I’ve heard about students being punished for what they write on social networking sites, but this article is the first I’ve heard of teachers being held accountable for making inappropriate comments online. Seven teachers in the Charlotte-Mecklenburg district were flagged for posting inappropriate content on their Facebook pages, says the article. Four of those teachers have been disciplined for their posts and one is waiting for a ruling on whether she can keep her job.
The teacher facing firing apparently listed one of her activities as “teaching chitlins in the ghetto of Charlotte” and “drinking” as one of her hobbies, according to the article.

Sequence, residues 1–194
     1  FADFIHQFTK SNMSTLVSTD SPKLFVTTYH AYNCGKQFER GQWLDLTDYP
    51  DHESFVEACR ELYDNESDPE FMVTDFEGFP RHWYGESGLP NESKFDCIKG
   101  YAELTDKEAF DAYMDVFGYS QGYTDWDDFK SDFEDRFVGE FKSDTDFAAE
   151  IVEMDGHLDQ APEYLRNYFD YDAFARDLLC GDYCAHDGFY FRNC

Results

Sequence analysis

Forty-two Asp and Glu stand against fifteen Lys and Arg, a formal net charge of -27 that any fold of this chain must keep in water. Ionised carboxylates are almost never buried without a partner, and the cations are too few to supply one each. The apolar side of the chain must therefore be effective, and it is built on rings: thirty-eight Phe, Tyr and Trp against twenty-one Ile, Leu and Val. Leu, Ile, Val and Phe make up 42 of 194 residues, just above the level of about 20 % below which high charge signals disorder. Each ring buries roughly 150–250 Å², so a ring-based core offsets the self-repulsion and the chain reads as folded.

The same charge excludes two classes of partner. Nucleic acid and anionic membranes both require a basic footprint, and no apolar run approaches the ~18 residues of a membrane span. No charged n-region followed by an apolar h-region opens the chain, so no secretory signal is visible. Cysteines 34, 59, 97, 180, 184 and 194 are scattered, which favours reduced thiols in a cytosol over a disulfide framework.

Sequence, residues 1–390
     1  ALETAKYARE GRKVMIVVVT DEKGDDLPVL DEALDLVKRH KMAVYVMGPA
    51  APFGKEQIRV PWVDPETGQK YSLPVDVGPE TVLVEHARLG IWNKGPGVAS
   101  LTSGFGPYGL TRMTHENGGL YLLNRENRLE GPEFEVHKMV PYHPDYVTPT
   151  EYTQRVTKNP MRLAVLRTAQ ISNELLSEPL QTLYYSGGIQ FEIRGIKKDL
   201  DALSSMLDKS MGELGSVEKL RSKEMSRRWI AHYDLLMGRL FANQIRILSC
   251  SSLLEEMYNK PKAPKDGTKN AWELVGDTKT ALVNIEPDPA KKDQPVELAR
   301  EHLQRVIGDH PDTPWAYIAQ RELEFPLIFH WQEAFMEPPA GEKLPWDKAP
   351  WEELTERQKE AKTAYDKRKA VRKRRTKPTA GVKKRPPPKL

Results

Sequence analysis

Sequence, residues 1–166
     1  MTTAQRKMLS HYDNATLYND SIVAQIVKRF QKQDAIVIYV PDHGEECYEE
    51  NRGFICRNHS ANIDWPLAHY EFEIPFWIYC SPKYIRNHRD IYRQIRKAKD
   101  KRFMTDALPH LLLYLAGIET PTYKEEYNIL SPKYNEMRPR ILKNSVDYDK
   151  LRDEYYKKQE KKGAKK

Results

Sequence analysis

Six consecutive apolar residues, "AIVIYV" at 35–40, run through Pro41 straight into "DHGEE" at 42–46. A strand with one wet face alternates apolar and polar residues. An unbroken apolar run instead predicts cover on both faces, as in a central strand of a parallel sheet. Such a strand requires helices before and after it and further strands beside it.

I have mixed feelings about employers holding their employees accountable for what they do in their private lives, but in this case, all the employees in question clearly identified their employer on their Web sites and left them open for public viewing, which means that any student could have stumbled across the derogatory and inappropriate comments. In that case, I tend to agree with the school district that disciplinary action against the teachers should be taken.
I do think, though, that more education about the school district’s policies regarding both students’ and teachers’ behavior on social networking sites is necessary and appropriate at this point in time. While these particular teachers did display poor judgment in what they chose to share about themselves in a public forum, more explicit information about what is and is not appropriate couldn’t hurt.
A version of this news article first appeared in the Digital Education blog.